Honduras moves toward end to isolation

TEGUCIGALPLA, Honduras, June 9 (UPI) -- Honduran President Porfirio Lobo Wednesday pinned hopes on an end to diplomatic and political isolation that began with the ouster of Manuel Zelaya as constitutional president and continued through Lobo's controversial election last year.

Analysts said next week's talks at the Organization of American States in Washington gave Lobo's government hope that a compromise could be reached.


Lobo was elected last year but has failed to win recognition in most of Latin America because of controversy over the circumstances in which he won the vote.

Honduras suffered a humiliating rebuff when Spain faced Latin American opposition as it tried to mediate recognition for Lobo at the recent Caribbean-Latin American-European summit in Madrid. Spain, as EU president, hoped its brinkmanship would help change minds in a large anti-Lobo bloc led by Brazil.

As a last-minute, face-saving gesture Lobo stayed away from the summit and the issue of restoring Honduras to the international community went to the back burner again.

Lobo again found himself pitted against the Latin American supporters of Zelaya when Union of South American Nations chief Nestor Kirchner backed off from a visit to the Dominican Republic because Lobo was visiting there.


The Dominican Republic is host to Zelaya, who is still regarded as Honduras' legitimate president by the majority of Latin American nations, even though, between Zelaya and Lobo, a third man -- Roberto Micheletti -- ruled the country as caretaker president.

Micheletti masterminded Zelaya's ouster from Honduras in an action seen as a coup ordered by the judiciary and backed by the military.

Micheletti thwarted U.S.-led meditation that would have allowed Zelaya to preside over a constitutionally acceptable transition to a November 2009 presidential election that Lobo won. Instead Micheletti kept Zelaya at bay and supervised the election. As expected, the poll was roundly condemned in Latin America as lacking in legitimacy even though international observers saw no vote rigging.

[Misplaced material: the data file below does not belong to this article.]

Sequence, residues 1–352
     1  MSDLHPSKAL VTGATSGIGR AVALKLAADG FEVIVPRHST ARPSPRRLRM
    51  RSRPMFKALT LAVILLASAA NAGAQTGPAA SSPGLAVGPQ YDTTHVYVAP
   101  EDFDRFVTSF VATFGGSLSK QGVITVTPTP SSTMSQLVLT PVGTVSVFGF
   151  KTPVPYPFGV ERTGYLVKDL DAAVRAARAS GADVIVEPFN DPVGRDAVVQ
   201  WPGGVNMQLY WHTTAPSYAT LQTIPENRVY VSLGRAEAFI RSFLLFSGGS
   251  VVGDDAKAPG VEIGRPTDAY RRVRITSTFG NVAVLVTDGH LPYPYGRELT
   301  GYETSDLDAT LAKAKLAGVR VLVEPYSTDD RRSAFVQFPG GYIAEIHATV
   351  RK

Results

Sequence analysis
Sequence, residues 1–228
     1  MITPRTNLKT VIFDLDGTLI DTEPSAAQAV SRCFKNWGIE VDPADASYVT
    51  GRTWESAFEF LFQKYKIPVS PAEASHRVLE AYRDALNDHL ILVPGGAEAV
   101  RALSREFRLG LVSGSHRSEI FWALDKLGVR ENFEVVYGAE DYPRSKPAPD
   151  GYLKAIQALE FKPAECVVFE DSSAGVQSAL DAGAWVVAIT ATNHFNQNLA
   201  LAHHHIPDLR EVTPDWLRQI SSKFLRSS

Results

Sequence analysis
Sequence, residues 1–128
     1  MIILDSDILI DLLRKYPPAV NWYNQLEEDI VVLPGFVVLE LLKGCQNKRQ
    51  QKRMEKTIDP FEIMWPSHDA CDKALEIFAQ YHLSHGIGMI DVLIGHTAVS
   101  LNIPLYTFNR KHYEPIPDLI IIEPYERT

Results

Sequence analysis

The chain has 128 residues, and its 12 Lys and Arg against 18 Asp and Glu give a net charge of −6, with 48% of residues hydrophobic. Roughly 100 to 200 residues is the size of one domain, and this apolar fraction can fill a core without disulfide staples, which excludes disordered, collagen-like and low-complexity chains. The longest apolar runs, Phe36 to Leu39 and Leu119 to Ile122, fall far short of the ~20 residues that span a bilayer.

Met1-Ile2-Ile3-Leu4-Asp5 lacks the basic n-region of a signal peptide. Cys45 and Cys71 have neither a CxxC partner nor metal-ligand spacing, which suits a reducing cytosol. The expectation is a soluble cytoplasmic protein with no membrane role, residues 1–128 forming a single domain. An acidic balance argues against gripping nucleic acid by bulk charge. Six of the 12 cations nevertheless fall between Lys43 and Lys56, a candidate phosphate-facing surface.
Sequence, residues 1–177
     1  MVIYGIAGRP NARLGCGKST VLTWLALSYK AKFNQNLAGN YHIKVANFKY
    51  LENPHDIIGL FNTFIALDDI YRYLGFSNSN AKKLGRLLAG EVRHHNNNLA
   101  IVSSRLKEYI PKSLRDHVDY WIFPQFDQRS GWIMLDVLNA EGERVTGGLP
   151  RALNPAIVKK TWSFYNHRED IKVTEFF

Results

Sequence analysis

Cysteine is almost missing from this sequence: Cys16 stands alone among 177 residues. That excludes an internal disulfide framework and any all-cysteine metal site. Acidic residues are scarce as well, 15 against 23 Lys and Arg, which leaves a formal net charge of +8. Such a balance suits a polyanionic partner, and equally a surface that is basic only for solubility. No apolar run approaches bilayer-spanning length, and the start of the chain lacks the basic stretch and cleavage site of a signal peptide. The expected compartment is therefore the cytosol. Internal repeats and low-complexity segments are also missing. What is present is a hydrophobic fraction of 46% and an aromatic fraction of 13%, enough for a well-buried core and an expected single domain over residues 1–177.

The Obama administration, European Union and several Central American states argued that Lobo's election was the next best thing to what couldn't be achieved. The critics remain opposed to Lobo.

Diplomatic efforts to help Honduras' chances of a rehabilitation continued this week at the Organization of American States annual assembly in Lima, Peru, and will now focus on OAS meetings in Washington next week.

U.S. Secretary of State Hilary Clinton campaigned for Honduras' return to the international community and would continue that effort, officials said.


The U.S. canvassing for Lobo is backed by Canada, the European Union, Peru, Colombia, the Dominican Republic and most of the countries of Central America. But Brazil, Mexico and others in Latin America remain opposed and want Zelaya reinstated as president.

The Obama administration argues Lobo has made much progress in his attempts at national reconciliation. He appointed a truth commission that was opposed by Micheletti, the coup leader who supervised his election, as well as supporters of Zelaya. Lobo has also appointed a human rights adviser and included political opponents in his government.

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